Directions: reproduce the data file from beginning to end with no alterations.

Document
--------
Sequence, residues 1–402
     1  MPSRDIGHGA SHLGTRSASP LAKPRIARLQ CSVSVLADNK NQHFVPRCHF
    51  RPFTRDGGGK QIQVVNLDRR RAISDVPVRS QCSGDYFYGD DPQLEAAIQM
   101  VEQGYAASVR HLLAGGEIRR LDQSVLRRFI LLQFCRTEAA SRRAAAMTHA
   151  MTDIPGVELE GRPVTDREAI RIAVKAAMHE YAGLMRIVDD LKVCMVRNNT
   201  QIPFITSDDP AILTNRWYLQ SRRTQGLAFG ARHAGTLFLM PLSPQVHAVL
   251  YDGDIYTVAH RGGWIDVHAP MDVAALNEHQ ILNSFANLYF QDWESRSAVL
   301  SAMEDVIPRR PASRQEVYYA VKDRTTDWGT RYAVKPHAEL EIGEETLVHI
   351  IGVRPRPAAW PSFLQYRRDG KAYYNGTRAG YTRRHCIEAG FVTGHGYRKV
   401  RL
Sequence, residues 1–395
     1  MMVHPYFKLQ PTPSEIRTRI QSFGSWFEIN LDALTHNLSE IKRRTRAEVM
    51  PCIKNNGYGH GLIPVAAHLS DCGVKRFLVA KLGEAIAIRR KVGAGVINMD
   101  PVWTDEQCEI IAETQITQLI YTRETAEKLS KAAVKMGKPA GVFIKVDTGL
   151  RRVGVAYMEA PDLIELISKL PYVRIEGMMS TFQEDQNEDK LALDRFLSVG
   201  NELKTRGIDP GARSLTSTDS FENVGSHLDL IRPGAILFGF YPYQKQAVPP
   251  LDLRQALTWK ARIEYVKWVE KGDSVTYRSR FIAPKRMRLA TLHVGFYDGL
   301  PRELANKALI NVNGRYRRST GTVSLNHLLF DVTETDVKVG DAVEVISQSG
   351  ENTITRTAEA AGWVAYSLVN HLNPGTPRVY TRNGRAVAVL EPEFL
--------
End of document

Sequence, residues 1–402
     1  MPSRDIGHGA SHLGTRSASP LAKPRIARLQ CSVSVLADNK NQHFVPRCHF
    51  RPFTRDGGGK QIQVVNLDRR RAISDVPVRS QCSGDYFYGD DPQLEAAIQM
   101  VEQGYAASVR HLLAGGEIRR LDQSVLRRFI LLQFCRTEAA SRRAAAMTHA
   151  MTDIPGVELE GRPVTDREAI RIAVKAAMHE YAGLMRIVDD LKVCMVRNNT
   201  QIPFITSDDP AILTNRWYLQ SRRTQGLAFG ARHAGTLFLM PLSPQVHAVL
   251  YDGDIYTVAH RGGWIDVHAP MDVAALNEHQ ILNSFANLYF QDWESRSAVL
   301  SAMEDVIPRR PASRQEVYYA VKDRTTDWGT RYAVKPHAEL EIGEETLVHI
   351  IGVRPRPAAW PSFLQYRRDG KAYYNGTRAG YTRRHCIEAG FVTGHGYRKV
   401  RL
Sequence, residues 1–395
     1  MMVHPYFKLQ PTPSEIRTRI QSFGSWFEIN LDALTHNLSE IKRRTRAEVM
    51  PCIKNNGYGH GLIPVAAHLS DCGVKRFLVA KLGEAIAIRR KVGAGVINMD
   101  PVWTDEQCEI IAETQITQLI YTRETAEKLS KAAVKMGKPA GVFIKVDTGL
   151  RRVGVAYMEA PDLIELISKL PYVRIEGMMS TFQEDQNEDK LALDRFLSVG
   201  NELKTRGIDP GARSLTSTDS FENVGSHLDL IRPGAILFGF YPYQKQAVPP
   251  LDLRQALTWK ARIEYVKWVE KGDSVTYRSR FIAPKRMRLA TLHVGFYDGL
   301  PRELANKALI NVNGRYRRST GTVSLNHLLF DVTETDVKVG DAVEVISQSG
   351  ENTITRTAEA AGWVAYSLVN HLNPGTPRVY TRNGRAVAVL EPEFL